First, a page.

# I think I'm broken

<p>Ok, so, I've been getting frustrated recently at my poor math performance. Over the past 6 weeks or so, my CR score has risen from 670 to 750, my WR score has hovered around 740-770, and my math score, which started at 760, continues to hover between 670 and 690. . . . </p>

<p>I've analyzed my errors, and, well, they're weird. . . . Yesterday, after reviewing my notes on the RR math section, I tried 20 practice questions from the BB. I went slow, I didn't do any of the work in my head--I followed RR's advice, which was the same advice that got me to the 760. So, I missed three questions:</p>

<p>First error: The question said to find the equation for a line with a y intercept of 2 and an x intercept of 3, yet, from the moment I read it, I thought it was the reverse: so I picked the equation with an x intercept of 2 and a y intercept of 3.</p>

<p>Second error: I was to choose a function that represented a situation. I assigned numbers to the variables and then tested all of the choices, A-E, and found that choice A was correct. After testing the other choices, to make sure my process wasn't flawed, I was satisfied and filled in B--they looked similar and I forgot which one I got as my answer. . . .</p>

<p>Third error: I subtracted 9 from 16 and got 5, and so chose the ratio 3:5 instead of 3:7.</p>

<p>The solution is clear. You know how to do the stuff, but you make a bunch of dumb little mistakes. Isn't it annoying? Takes practice, my friend... It helps to double-check your answers slowly if you have additional time at the end.</p>

<p>Do you closely reread the question after you finish it as RocketReview says? I know how hard it can be to realize mistakes like those since you're in such a hurry for the next question*. A good way is to look more closely at the last steps of the process of solving a question rather than every step.* When you first start a question, you go slowly because you need to figure it out; however, when you get into the end, you've gotten into a rhythm(for that question though, the rhythm for each question is unique, but can last anywhere between 5-30 seconds) that is a lot quicker. It's like a tennis match: when you first start a point, you take the first shot slowly, but after the first couple of returns, you're in a rhythm and you start hitting it over with ease, and you feel that you're in such a good feel that you hit one as hard as you can and it BARELY goes out. You should be able to feel that rhythm at the end. While careless mistakes is a huge deal, the key in my opinion is knowing how to solve the problems correctly, and if you can do that, then you can easily go from a 690 to an 800 if you know how to do them.</p>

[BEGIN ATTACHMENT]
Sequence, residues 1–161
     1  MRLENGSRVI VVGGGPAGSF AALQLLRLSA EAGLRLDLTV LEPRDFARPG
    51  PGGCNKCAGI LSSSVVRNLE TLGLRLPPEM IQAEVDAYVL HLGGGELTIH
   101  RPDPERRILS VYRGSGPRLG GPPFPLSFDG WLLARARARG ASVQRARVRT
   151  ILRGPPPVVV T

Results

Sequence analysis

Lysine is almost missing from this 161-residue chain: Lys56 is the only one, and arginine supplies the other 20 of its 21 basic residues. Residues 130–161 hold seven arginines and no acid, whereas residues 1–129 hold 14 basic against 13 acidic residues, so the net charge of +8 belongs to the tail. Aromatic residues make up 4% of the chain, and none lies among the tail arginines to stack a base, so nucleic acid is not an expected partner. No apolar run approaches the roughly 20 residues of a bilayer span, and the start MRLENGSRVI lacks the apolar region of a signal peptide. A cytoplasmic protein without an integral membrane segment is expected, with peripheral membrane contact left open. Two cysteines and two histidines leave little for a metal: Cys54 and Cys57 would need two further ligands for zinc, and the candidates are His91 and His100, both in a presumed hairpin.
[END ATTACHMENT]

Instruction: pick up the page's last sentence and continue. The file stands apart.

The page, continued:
<p>^With his advice, I went from a 630 to a 740. It works</p>

<p>i had same problem, went from a 670 to an 800. its all about learning where they try to trick you. you are falling for the traps they set, learn what those are. dont zip through early questions because they seem easy, that is where it is easiest to screw up.</p>

<p>I would take a break for a few days to clear your head and try to break free from the bad habits you're developing. Go do something physical or do something to take your mind off it, then start fresh.</p>

<p>^agree</p>

<p>you're just burnt out, I'm sure you're smarter than this</p>